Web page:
After reading Dave’s last blog about how some things in Thailand are just different, I found myself thinking about how crazy it is here on the roads. Let me explain what I mean...
For example, if someone “flashes” their lights at you in Thailand, it’s not a friendly gesture alerting you to a speed camera up ahead but simply a signal to make sure you’ve seen their car coming and they’re warning you to get out of the way.
The toot of a car horn is not given aggressively but as an alert that there’s a car passing you or turning that you may not have seen.
Pedestrians in Thailand never have right of way- not even on what looks to be a pedestrian crossing!
Drivers in Thailand must always be prepared for motorbike riders to be riding on the wrong side of the road, ignoring stop signs, riding with many passengers, cutting across in front of your car without looking and not indicating when turning. All passengers also have to check for motorbikes when opening car doors on the side of the road as they frequently travel up the inside space between the road and the footpath.
And as a side note, it is not mandatory for children to wear seat belts! Just the front seat passengers are required to buckle up! Scary hey?
Now, speaking of hot water… the answer is “no” there is no hot water in the kitchen of our home! Actually it’s not too bad, I’m kind of getting used to it now. Also, the mosquito situation seems to have settled down a little a bit now, which is good. And, we are really enjoying living here.
Tobi officially started ‘elementary’ school yesterday (primary school) at Grace International. We can see his classroom from our house and Dave and I have taken it in turns to walk him across the road for his 7.55 am start to the day! This is working well as Dave then jumps on the ZOE shuttle at 8am.
As Tobi’s school program is just a half-day, he and some of his classmates, then ride the school bus to Hana Christian Kindergarten, where Eli attends (and Spencer goes for 2 days now too) to do an afternoon program there (including Thai lessons). It’s very exciting to go on the bus and Tobi particularly likes it because there’s a TV/DVD player on board!!
|His classroom is on the middle level, in the centre.|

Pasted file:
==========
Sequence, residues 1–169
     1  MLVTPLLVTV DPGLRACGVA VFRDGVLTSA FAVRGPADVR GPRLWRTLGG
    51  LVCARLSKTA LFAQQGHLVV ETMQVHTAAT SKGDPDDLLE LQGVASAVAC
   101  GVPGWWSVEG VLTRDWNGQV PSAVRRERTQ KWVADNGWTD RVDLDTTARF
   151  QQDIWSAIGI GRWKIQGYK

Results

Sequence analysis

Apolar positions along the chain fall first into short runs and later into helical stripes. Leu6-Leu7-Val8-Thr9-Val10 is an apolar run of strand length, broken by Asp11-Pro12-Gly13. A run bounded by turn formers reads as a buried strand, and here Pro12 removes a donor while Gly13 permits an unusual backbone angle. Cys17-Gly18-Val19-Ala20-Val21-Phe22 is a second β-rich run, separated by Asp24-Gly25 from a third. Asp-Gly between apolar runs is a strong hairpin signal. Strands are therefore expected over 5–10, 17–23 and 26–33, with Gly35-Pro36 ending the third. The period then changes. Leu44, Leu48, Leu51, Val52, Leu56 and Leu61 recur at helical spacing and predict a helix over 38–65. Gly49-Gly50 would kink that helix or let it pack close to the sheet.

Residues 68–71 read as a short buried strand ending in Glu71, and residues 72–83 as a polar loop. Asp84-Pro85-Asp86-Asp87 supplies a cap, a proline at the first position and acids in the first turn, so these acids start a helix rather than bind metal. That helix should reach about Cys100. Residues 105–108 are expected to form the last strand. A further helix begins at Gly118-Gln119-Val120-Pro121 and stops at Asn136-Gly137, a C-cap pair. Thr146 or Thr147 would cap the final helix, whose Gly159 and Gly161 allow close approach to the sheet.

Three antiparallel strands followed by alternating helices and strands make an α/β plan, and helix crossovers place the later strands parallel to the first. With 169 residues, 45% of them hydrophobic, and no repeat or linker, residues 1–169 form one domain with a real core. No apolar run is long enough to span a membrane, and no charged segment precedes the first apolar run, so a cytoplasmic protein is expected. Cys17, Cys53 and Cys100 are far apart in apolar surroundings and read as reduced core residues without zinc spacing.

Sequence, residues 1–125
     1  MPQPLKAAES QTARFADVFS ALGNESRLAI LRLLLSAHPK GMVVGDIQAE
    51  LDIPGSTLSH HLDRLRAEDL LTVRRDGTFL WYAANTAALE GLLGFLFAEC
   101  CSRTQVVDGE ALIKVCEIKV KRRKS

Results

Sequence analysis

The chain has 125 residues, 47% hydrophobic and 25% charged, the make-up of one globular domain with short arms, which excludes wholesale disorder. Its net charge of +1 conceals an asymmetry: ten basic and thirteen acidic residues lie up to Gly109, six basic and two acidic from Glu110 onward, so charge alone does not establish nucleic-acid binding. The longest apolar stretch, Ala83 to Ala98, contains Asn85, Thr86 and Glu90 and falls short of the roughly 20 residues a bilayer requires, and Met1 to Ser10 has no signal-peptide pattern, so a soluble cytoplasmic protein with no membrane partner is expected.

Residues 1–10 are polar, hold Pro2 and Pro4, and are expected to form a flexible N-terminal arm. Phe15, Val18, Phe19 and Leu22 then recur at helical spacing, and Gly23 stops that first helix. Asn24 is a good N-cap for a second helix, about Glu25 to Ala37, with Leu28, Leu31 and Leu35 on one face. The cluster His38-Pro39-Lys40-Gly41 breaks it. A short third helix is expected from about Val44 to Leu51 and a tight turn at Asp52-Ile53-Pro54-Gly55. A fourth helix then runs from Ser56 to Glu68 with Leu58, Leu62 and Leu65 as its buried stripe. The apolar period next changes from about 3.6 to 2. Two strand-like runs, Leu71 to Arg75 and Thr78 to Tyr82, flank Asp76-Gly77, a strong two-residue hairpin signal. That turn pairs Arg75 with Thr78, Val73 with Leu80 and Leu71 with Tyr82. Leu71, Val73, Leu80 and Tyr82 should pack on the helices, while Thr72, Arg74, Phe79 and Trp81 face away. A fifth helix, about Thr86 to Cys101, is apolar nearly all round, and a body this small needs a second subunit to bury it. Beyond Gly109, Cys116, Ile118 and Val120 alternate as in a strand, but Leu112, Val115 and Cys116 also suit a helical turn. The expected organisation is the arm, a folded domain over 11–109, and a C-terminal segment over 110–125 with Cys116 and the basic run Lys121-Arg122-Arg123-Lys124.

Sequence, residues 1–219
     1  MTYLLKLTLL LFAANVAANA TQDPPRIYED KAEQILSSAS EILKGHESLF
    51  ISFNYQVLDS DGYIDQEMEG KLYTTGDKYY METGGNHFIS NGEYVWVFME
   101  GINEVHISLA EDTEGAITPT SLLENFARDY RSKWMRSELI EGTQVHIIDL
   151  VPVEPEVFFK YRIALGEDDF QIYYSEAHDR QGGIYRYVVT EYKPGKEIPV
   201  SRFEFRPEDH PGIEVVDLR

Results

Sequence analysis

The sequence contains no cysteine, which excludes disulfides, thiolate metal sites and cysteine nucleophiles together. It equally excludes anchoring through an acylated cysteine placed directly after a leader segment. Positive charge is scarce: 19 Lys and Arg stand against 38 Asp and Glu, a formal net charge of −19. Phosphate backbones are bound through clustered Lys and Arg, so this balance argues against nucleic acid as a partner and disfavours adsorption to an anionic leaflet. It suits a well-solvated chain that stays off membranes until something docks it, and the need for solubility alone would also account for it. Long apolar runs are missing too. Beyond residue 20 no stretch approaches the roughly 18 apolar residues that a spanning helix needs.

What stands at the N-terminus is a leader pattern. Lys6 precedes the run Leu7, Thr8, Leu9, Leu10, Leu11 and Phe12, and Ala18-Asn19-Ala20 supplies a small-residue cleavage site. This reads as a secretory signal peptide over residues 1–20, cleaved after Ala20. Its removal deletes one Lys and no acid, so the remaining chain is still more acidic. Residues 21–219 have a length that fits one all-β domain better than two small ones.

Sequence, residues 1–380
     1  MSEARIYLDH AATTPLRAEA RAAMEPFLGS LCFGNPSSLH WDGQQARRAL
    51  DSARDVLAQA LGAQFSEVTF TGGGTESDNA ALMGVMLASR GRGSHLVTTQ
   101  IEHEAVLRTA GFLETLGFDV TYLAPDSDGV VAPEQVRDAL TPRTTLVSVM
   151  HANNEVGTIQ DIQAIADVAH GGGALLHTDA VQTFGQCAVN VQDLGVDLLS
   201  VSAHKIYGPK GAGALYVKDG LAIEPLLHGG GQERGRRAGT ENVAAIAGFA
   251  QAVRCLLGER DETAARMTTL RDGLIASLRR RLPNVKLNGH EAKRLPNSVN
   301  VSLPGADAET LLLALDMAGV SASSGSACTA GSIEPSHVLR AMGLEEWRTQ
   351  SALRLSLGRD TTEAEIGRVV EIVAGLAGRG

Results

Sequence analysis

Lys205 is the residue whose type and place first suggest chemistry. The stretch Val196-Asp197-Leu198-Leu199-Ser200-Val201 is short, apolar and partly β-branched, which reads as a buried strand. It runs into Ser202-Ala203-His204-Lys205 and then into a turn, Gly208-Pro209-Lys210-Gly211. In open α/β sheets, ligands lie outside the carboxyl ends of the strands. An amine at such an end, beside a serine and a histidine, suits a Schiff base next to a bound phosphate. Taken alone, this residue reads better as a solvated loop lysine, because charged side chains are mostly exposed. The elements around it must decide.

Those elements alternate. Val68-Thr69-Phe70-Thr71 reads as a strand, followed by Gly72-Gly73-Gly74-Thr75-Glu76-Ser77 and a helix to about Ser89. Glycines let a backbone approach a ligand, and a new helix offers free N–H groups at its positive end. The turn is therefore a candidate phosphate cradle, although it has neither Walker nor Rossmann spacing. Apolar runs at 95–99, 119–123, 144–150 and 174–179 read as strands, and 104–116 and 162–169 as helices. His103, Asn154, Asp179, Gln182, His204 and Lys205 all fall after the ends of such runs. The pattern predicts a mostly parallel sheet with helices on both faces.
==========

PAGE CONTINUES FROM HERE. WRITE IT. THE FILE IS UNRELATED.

It’s nice to be living so close to Grace International School. On Saturday, at the New Parent’s Lunch, I literally ran home and grabbed our bathers so the kids and Dave could have a swim. How convenient is that? I love the atmosphere here too in the mornings and afternoons as hundreds of kids walk and ride to and from school. There’s a real “bustling” and community feel around the streets.
Last week we celebrated Thai Mother’s Day. On Wednesday Dave and the kid’s prepared pancakes for breakfast and I attended a special Mother’s Day service in the afternoon at Hana Kindergarten. It was a proud moment when Tobi held the microphone and introduced his class song.
Thursday and Friday were public holidays in honor of the Queen’s birthday and Mother’s Day, so we had a nice long weekend. On Friday night we went to ZOE church, which also held a special Mother’s Day service. It was very touching to listen as the ZOE children described how much their mums meant to them, even though they weren’t their biological mums. This bond between child and mother is just so special. These ZOE mums really care for the children as if they were their own. It’s just so amazing to see.
Well I’d better wrap it up there. I am so excited to have my sister coming to stay with us in September. It will be such a treat.
Thanks for all your emails wishing us a smooth move and transition… I am trying to complete my replies as time permits. We appreciate every email you send. They’re often read several times as we enjoy them so much.